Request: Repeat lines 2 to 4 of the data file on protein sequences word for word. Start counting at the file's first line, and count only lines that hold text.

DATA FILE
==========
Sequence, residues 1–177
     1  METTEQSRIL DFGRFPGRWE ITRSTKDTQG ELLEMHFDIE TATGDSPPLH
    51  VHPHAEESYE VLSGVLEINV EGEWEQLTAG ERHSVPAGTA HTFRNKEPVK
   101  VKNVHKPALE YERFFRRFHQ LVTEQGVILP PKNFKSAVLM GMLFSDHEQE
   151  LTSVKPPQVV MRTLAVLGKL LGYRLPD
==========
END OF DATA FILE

     1  METTEQSRIL DFGRFPGRWE ITRSTKDTQG ELLEMHFDIE TATGDSPPLH
    51  VHPHAEESYE VLSGVLEINV EGEWEQLTAG ERHSVPAGTA HTFRNKEPVK
   101  VKNVHKPALE YERFFRRFHQ LVTEQGVILP PKNFKSAVLM GMLFSDHEQE